Ironically, the Museum of Modern Art, recently acquired the massive Gilbert and LilaSilverman Fluxus Collection considered by MoMA to be the largest collection of its kind comprised of approximately 3,000 works in mediums ranging from printed ephemera, multiples, drawings, and sculptural objects, to photographs and film. In addition, an archival component includes more than 4,000 files with such items as artists’ correspondence, notebooks and scrapbooks, as well as documents and photographs related to Fluxus performances and events. The final component of the Silverman Fluxus Collection is a reference library of over 1,500 related books and catalogues.
Fluxus art often deals with the ephemera and activity of everyday life to create works that subvert the intent of the materials or bend them to another purpose. This might include rendering utilitarian objects useless or creating alternate uses not originally intended in order to reinvent the world in unexpected ways. The use of chance is common.
Fluxus art can be utterly genius in its economy. Fluxus is credited with coming up with the event score which is akin to a musical score but is in the form of written instructions. These instructions can be brief and enigmatic and might even be a single word that suggests some sort of action, event or performance such as George Brecht’s EXIT. And even further, an event score can be reduced to a sign such as an arrow or a hand pointing. Fluxus artists enjoy exploring the powerful potentialities of everyday things and images by looking at them with the awakened and curious mind of the artist.
Fluxus works are very often larger than themselves in the sense that the works might be referencing something outside of their material existence. For instance, a work might actually be an artifact of some other art event or the work might be more of a prop for some performance or event. Fluxus artworks often play with that uncertain space between the expected and the unexpected which is where the secret of humor is found and humor is very often at the heart of many Fluxus works.
Works in the present show – the largest of its kind ever assembled – have in common the general idea of play and joking around. Depending on the personality and skill level of the artist, some works are elaborate, some are cleaver; some are cheesy; some are ironic; some are beautiful; some are lude: taken as a whole, all are entertaining.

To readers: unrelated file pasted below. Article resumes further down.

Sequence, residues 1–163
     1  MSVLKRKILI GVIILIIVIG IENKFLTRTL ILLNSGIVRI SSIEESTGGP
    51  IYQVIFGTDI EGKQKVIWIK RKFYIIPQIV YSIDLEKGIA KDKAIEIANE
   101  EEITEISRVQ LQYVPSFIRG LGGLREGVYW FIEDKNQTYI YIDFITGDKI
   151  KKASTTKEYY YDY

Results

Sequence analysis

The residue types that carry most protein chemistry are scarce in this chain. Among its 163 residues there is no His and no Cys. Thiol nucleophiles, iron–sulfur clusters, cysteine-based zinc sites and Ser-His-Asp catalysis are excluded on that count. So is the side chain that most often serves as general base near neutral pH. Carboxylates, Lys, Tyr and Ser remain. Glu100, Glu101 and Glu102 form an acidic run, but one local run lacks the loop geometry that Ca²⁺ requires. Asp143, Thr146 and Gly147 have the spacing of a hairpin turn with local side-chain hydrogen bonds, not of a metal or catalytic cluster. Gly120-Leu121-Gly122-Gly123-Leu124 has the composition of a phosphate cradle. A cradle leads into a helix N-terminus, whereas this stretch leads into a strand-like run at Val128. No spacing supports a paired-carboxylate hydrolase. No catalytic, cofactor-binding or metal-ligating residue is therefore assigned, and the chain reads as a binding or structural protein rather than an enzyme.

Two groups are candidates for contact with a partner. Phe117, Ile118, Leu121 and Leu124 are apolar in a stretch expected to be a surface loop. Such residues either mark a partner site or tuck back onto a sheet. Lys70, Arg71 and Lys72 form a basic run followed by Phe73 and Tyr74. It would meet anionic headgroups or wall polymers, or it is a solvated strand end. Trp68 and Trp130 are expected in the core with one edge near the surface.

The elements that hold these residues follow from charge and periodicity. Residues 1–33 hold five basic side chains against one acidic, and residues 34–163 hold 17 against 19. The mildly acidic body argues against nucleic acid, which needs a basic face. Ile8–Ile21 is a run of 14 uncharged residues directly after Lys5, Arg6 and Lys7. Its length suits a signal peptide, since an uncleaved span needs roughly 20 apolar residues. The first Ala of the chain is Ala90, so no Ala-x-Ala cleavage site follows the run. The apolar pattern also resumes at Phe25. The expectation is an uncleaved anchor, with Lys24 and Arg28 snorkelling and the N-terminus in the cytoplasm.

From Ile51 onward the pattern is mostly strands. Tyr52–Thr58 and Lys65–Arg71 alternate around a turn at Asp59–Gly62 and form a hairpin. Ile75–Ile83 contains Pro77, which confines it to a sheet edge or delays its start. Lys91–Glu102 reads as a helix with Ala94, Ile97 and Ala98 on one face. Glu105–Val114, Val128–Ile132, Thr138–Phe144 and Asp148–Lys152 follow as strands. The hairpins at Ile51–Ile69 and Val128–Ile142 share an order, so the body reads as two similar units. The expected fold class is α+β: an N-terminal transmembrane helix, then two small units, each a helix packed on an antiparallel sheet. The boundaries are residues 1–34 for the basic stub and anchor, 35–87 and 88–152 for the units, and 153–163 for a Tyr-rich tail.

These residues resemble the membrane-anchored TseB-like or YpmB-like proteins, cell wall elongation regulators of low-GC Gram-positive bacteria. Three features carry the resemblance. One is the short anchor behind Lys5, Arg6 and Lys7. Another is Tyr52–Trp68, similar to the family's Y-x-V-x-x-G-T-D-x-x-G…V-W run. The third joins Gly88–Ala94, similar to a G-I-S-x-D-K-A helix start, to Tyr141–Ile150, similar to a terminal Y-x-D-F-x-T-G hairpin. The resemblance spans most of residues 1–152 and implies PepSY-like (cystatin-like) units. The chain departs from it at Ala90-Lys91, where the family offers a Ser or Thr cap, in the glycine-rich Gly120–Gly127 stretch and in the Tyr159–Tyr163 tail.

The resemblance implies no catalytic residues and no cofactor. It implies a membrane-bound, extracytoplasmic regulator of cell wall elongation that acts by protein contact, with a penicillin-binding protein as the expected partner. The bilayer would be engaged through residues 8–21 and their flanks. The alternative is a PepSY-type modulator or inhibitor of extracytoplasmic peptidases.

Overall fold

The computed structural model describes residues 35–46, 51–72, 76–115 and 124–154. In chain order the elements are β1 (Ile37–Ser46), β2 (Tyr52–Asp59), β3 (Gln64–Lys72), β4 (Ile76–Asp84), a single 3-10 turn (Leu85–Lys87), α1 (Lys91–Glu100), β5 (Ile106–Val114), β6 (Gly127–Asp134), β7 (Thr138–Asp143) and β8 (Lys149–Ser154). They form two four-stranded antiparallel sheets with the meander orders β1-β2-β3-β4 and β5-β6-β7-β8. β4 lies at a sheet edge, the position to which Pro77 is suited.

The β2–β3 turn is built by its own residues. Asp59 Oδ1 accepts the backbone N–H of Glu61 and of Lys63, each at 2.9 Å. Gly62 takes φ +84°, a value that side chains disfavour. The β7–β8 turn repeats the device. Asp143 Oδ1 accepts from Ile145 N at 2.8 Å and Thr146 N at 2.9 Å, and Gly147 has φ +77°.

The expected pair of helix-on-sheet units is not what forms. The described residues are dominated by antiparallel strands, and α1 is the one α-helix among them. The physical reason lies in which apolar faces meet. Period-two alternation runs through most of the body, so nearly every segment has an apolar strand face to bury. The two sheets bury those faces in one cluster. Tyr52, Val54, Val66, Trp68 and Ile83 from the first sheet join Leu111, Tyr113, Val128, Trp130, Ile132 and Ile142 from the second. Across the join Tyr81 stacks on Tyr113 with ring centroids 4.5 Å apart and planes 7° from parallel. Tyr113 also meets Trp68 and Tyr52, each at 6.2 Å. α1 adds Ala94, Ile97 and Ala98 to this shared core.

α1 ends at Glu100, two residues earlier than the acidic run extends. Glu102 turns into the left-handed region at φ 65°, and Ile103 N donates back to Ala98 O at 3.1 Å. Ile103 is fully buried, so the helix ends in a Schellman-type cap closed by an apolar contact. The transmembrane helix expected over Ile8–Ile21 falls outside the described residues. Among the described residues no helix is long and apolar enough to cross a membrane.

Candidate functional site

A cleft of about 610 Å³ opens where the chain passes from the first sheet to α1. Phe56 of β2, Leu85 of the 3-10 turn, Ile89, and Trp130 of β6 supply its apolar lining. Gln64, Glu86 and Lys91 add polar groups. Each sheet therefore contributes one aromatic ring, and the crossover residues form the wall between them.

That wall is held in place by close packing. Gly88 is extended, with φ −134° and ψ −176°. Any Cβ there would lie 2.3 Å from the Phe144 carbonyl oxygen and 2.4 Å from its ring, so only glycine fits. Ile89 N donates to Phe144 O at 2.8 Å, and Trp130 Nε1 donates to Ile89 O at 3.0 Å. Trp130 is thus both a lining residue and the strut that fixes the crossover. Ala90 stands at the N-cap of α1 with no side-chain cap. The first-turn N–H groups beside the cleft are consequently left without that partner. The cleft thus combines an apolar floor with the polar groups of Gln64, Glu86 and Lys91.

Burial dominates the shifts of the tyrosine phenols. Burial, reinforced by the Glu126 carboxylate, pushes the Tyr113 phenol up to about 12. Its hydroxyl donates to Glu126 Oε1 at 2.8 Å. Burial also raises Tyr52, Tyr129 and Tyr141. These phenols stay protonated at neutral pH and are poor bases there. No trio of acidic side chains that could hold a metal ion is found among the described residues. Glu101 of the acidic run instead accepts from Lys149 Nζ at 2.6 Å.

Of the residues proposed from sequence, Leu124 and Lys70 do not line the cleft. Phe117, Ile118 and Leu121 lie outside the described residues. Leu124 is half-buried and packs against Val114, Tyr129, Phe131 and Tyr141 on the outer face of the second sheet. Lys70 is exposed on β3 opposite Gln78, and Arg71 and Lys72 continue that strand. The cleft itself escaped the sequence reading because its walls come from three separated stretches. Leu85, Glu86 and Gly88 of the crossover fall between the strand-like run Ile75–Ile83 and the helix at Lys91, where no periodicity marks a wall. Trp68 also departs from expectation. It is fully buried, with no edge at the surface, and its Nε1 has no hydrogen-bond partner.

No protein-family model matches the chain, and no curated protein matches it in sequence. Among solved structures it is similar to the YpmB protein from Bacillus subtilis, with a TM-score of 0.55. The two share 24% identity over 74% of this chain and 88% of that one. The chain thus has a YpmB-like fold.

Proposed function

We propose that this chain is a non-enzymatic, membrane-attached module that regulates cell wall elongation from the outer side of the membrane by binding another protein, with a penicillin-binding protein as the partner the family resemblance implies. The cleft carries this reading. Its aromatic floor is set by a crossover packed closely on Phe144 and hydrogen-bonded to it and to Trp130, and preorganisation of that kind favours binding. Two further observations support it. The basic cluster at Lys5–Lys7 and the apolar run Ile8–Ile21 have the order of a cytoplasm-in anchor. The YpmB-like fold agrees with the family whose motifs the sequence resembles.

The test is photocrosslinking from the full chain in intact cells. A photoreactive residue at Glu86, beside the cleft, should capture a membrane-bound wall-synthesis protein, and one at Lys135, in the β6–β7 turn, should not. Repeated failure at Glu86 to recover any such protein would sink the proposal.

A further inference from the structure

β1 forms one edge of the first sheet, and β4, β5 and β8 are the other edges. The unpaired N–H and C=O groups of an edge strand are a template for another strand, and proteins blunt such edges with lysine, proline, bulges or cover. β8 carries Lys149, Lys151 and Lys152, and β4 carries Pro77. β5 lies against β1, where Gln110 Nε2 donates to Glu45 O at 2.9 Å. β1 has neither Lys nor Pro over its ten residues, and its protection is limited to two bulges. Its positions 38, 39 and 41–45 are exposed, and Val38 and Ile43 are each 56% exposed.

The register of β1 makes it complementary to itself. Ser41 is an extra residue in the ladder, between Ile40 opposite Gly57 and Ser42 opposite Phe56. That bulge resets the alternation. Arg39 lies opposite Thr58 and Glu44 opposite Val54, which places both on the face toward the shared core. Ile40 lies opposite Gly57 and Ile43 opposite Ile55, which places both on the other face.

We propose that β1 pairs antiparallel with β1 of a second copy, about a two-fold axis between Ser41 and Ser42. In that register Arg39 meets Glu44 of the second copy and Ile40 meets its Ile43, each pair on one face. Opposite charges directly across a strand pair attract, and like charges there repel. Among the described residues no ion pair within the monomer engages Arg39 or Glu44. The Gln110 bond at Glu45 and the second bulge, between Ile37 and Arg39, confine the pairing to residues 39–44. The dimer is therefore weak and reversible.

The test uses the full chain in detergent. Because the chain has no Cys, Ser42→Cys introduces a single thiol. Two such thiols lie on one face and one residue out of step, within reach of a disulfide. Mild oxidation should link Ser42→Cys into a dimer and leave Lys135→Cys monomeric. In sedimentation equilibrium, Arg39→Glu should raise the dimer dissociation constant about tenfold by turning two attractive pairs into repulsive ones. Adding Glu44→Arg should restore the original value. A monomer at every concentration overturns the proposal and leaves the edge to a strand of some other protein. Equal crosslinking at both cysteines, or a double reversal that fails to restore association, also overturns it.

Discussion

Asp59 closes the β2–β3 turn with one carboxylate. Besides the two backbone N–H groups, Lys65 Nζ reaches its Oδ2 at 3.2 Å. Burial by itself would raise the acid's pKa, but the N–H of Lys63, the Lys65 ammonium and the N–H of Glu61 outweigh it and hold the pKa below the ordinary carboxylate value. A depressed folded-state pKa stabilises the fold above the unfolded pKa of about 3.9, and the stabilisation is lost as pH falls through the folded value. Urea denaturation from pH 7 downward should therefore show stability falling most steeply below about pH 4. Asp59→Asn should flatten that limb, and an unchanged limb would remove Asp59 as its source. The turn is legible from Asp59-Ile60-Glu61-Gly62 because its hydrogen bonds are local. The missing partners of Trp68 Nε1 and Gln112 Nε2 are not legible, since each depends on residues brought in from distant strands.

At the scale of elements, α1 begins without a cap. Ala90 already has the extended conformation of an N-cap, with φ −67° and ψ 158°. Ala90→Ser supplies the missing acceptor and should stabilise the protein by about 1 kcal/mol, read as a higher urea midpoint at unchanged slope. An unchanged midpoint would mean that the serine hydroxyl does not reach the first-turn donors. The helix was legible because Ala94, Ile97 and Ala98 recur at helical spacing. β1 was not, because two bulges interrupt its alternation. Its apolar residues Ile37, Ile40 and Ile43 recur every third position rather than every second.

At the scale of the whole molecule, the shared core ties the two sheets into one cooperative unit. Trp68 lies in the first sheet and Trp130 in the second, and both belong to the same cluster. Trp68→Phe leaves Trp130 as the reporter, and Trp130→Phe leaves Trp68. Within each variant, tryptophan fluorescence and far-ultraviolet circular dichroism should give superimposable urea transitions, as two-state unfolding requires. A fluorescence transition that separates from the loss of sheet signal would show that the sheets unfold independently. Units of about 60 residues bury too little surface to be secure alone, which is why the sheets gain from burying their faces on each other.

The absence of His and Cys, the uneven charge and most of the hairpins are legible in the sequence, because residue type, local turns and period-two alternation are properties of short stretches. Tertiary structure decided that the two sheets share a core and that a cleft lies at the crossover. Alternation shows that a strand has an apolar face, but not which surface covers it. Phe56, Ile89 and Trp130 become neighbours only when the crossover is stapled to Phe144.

A color catalog will be produced for the exhibition and will be available to order when complete.
The Fluxmuseum ( is a wing of the Ontological Museum founded in 1994 (  FLUXmUSeum was founded by Cecil Touchon in 2006 with the intention of documenting 21st century fluxus artists. The Fluxmuseum is dedicated to the collection, performance, production, publishing, promotion, exhibition, documentation and safekeeping of works of the international contemporary Fluxus community. The Fluxmuseum is an inclusive venture inviting any artist who feels a connection to fluxus to participate in museum projects and to contribute works to the collection.
The Ontological Museum has several wings including the Fluxmuseum, the International Museum of Collage, Assemblage and Construction, the Museum of Snapshot Photography and the Archives of the Eternal Network (for mail art). The Museum is fashioned along the lines of a scientific or anthropological museum in that it is a specimen gathering museum attempting to archive artworks and documents of contemporary artists from around the world whose work falls within the general interests of the museum. The museum is artist designed, artist run and artist supported. The collection is growing at an astounding rate and we are now looking for a permanent home for the museum and funds to operate, care for and exhibit the collection. Contact us if you have a space we can use or wish to contribute.
For more details, (see all our projects) (this show online)
FOR ALL INFORMATION, INTERVIEWS, IMAGES PLEASE CONTACT :Cecil Touchon, Director, The Ontological Museum: 1 817 944 4000 E :